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April 8 2014 by Anonymous Legal Question

Here's what NYC bike lawyer and advocate Steve Vaccaro had to say:

Since there's no bicycle lane, you can ride on either side of Third Ave. There might be an argument that the turning restriction doesn't apply to cyclists (only to "vehicles," which does not include cyclists when it comes to city regulations), but you'd be inviting conflict to try to go straight against the tide of crazed turning motorists headed for the bridge. And inviting a ticket too, since I doubt more than a handful of police would buy that argument!

I suggest either the left hand side, the right-most lane to the left of the bollards — in either case riding in the center of the lane in a straight line — or better still detouring to Park where the traffic is less intense, or First where there is some bike infrastructure and more bike traffic to blend in with.

Disclaimer: the legal information presented on this site is not intended to offer legal or medical advice. The content on this website is for informational and educational purposes only and is not intended as a substitute for the professional judgment of a legal and/or healthcare professional, and you should not rely upon any material or statements in this website for legal or medical advice. It is not intended to create an attorney-client relationship.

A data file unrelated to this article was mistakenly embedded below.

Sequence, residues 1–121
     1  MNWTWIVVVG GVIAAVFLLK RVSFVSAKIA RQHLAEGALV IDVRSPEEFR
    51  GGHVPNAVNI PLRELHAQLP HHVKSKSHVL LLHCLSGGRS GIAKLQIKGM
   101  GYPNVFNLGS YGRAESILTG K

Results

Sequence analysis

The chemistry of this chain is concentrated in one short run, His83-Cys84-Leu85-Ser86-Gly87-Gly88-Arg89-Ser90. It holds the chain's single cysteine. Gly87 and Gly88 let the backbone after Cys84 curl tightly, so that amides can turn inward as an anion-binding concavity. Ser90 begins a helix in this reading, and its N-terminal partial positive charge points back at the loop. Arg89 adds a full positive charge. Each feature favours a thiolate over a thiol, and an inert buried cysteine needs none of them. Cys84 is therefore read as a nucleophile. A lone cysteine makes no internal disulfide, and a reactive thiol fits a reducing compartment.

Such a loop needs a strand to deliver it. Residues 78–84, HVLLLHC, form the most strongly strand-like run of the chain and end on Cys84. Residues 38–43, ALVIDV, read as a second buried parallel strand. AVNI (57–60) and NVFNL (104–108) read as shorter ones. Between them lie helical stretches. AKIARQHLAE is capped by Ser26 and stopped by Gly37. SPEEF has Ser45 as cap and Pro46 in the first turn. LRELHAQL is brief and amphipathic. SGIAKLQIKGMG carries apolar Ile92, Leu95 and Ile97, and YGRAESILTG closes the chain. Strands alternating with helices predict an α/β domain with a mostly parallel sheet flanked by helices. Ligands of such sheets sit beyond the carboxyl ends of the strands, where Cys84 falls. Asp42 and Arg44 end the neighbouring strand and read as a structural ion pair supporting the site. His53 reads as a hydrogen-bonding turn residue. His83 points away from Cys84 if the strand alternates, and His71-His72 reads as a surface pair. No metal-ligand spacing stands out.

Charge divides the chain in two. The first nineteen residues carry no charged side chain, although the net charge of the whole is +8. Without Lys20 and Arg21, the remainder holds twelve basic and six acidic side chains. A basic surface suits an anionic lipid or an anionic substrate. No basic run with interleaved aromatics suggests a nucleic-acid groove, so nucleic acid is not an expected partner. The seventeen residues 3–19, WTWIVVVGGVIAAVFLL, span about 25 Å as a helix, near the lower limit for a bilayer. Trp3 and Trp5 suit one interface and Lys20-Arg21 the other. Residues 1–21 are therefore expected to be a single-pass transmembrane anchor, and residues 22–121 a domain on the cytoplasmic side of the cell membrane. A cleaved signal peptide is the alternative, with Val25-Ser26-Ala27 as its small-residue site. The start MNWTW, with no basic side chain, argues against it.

April 7 2014 by Barbara Bike Security Quesiton

Hi Barbara, we checked in with NYC bike lawyer Steve Vaccaro to find an answer to your question. Here's what Steve had to say:

The ornamental fences around street trees are usually installed by building owners, neighborhood associations, or business improvement districts, rather than the City. Therefore they are private property as to which the installer has obtained permission from the City to install in a public place. It is a violation of the rights of the owner of the property to lock your bike to it, just as if you locked your bike to a car that is legally parked in a parking spot. The owner of the fence would legally be permitted to clip the lock and remove your bike from the property. 

This comes up often with bikes locked to scaffolding, which are also private property. Note that in the case of bikes locked to street fixtures owned by the City, the City is not permitted to remove them without advance notice to the owner or some reasonable means to retrieve the bike, if removal without notice is deemed necessary for public safety (e.g., security measure for Presidential motorcade).